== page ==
At the age of 210, on March 1, 1541 (FA 120), Aragorn resigned life, as his son, Eldarion, takes his place as King of Gondor and Arnor – and recalls his final words to his wife, Arwen:
“Lady Undómiel,…the hour is indeed hard, yet it was made even in that day when we met under the white birches in the garden of Elrond where none now walk. And on the hill of Cerin Amroth when we forsook both the Shadow and the Twilight this doom we accepted. Take counsel with yourself, beloved, and ask whether you would indeed have me wait until I wither and fall from my high seat unnamed and witless. Nay, lady, I am the last of the Númenóreans and the latest King of the Elder Days; and to me has been given not only a span thrice that of Men of Middle-earth, but also the grace to go at my will, and give back the gift. Now, therefore, I will sleep.”(LOTR, App. A)
This also would be assumed to mark the fall of Rivendell. Aragorn seems to have been given the gift, or doom, of death however one views it – that the early Numenoreans had and chose the time of his passing. Had he not chosen the time it would have occurred soon, and eventually.
What made Tolkien write Aragorn’s end like this?
Tolkien had Aragorn die in this manner the way the other Numenoreans did – including Elros Tar-Minyatur who would die willingly when he did.
“The doom of the Elves is to be immortal, to love the beauty of the world, to bring it full glower with their gifts of delicacy and perfection, to last while it lasts, never leaving it even when ‘slain,’ but returning – and yet, when the Followers come, to teach them, and make way for them, to ‘fade’ as the Followers grow and absorb the life from which both proceed. The Doom (or the Gift) of Men is mortality, freedom from the circles of the world. Since the point of view of the whole cycle is the Elvish, mortality is not explained mythically: it is a mystery of God of which no more is known than that ‘what God has purposed for Men is hidden’: a grief and an envy to the immortal Elves.”(JRR Tolkien, Letter # 131)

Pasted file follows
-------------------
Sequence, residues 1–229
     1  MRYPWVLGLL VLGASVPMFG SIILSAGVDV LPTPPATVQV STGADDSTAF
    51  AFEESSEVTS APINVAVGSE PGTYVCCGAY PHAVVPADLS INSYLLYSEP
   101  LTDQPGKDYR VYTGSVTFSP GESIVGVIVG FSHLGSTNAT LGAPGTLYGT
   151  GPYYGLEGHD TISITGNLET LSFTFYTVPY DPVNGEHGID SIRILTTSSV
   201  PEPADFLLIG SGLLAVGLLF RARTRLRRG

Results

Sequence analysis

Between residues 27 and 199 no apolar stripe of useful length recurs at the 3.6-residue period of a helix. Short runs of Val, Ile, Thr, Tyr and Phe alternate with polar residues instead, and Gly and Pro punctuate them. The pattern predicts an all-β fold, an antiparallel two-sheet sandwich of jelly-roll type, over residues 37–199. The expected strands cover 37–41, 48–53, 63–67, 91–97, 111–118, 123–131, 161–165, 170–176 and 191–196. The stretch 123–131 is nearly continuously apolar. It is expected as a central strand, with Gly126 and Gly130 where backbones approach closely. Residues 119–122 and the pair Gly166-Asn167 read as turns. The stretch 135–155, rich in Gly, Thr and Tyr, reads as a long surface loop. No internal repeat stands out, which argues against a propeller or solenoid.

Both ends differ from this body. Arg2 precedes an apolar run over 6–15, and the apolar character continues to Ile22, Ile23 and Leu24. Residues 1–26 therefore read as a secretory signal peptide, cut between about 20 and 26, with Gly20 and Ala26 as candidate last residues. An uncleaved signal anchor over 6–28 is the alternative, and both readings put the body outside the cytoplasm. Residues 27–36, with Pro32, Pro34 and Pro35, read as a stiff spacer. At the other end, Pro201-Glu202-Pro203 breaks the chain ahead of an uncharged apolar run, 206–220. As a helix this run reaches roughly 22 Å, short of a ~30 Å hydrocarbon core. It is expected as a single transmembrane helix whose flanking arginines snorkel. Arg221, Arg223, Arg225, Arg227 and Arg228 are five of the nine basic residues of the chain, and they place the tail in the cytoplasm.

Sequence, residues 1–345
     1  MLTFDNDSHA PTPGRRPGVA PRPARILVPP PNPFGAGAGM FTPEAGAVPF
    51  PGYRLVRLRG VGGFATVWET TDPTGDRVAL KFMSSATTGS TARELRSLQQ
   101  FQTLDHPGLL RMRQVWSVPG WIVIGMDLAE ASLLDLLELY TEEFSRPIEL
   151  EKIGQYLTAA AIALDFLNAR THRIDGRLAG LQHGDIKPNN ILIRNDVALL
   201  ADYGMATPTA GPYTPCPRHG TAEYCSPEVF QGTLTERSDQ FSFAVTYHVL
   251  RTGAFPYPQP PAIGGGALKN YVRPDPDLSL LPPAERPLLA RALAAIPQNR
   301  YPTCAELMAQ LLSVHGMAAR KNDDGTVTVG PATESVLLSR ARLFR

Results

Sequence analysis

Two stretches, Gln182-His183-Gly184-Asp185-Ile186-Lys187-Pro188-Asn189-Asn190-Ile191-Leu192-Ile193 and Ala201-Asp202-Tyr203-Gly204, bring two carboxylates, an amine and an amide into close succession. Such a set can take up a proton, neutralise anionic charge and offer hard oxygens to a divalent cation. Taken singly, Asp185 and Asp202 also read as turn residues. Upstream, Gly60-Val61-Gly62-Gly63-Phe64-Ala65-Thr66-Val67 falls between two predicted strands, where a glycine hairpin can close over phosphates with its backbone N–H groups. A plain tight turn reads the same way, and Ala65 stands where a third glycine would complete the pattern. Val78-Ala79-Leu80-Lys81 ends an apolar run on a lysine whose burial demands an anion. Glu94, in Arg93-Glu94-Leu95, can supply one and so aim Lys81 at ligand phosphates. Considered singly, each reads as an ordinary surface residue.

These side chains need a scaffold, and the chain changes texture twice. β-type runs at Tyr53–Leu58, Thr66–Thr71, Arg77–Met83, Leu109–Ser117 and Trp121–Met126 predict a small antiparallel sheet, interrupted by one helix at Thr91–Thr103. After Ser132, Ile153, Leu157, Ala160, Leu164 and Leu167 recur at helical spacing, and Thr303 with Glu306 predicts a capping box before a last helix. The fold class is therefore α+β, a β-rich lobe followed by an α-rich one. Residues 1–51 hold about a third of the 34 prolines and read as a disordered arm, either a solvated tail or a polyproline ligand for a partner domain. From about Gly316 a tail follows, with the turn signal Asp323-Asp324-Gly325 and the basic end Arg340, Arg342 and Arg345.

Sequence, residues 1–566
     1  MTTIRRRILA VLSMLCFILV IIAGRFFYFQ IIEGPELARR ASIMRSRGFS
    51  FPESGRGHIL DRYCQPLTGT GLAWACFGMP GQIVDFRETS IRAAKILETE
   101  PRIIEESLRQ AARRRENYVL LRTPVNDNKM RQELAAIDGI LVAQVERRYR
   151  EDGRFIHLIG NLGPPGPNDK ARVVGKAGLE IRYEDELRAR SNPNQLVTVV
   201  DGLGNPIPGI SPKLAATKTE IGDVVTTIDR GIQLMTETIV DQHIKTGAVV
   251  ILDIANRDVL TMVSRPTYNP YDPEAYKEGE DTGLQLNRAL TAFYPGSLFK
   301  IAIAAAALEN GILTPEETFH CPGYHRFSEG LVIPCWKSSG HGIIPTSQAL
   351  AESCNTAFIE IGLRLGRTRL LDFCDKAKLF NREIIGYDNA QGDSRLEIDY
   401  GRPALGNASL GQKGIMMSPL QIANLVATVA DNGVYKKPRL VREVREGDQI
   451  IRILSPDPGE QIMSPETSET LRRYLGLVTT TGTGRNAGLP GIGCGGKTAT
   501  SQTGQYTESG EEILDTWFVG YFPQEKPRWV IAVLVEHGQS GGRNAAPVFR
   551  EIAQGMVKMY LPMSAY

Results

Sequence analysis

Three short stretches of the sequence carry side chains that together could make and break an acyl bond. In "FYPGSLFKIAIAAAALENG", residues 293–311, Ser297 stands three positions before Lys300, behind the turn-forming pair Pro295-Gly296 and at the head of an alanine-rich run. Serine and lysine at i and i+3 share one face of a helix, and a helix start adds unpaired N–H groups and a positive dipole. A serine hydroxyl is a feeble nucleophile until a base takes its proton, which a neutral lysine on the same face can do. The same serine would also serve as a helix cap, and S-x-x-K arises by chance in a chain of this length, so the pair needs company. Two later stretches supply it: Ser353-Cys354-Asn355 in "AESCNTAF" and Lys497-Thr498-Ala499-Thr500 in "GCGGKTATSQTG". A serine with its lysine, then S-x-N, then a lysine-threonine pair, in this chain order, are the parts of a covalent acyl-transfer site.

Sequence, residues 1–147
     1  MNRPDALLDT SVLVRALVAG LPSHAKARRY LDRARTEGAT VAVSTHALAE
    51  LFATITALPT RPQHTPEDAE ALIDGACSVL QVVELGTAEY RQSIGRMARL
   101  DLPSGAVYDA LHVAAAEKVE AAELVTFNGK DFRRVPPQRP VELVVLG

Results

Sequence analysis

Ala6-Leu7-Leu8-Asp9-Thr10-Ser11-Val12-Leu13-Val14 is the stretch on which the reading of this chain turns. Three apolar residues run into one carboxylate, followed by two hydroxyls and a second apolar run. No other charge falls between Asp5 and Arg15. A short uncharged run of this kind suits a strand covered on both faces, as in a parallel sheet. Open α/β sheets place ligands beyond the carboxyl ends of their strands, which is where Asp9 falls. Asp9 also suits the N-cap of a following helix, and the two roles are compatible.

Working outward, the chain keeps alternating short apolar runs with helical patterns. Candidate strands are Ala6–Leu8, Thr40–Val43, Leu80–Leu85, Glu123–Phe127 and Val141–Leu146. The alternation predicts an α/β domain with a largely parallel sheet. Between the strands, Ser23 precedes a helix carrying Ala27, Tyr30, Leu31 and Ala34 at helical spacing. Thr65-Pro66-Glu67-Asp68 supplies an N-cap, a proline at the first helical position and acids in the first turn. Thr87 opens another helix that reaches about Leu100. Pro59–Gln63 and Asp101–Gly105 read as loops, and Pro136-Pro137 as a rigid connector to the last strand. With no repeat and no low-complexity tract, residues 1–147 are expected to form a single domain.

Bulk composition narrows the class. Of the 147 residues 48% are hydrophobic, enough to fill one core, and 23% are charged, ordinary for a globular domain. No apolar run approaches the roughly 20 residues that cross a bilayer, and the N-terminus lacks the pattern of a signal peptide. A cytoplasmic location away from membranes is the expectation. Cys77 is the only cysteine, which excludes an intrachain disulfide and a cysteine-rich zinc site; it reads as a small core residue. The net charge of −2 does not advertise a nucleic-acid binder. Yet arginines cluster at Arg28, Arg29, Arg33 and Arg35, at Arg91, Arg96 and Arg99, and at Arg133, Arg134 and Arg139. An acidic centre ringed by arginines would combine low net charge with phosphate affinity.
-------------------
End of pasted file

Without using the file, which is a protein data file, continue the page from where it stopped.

This grief and envy would occur to some of the preceding Numenoreans, who desired immortality that they would attempt to get there through rebellion. But Tolkien must’ve written Aragorn that way based on how the early Númenóreans lived and experienced life.
It is commonly thought that Aragorn died because he didn’t want to be remembered as an older man. While it seems he chose to die before becoming senile, Aragorn will be 210 years – though in the first draft, he would be 190 years old, when he resigns life – which would make him well within his aging period of life.
‘When Aragorn resigned life at 4A 120 [he resigned] 24 years of life. He had lived 210 years and was already within his “decline.” Arwen was reckoned as 203 years at that time and also in the beginning of her decline. Aragorn resigned on the day of his birth, March 1, 4A, 120. Arwen apparently “resigned” life and died on Cerin Amroth on March 1 in the following year, at Númenórean age 204 (mortal equivalent = 84). So she was now and felt.”(NoME, “Elvish Ages & Númenórean”)
“…it seems probable that Aragorn’s life was similarly arranged: thus he grew to maturity as quick as the normal human rate, and then slowed to the Númenórean ageing rate of 3:1. He was thus 20 in 2951; but [in 2980 about 30 and at wedding nearly 43, close in age to Arwen] and at death [he would be nearly 77.”(NoME, “Elvish Ages & Númenórean”)
If this is the case, much like his wife, Aragorn would also join a different expectation of life following the wedding – though he was always in the line of the Númenóreans.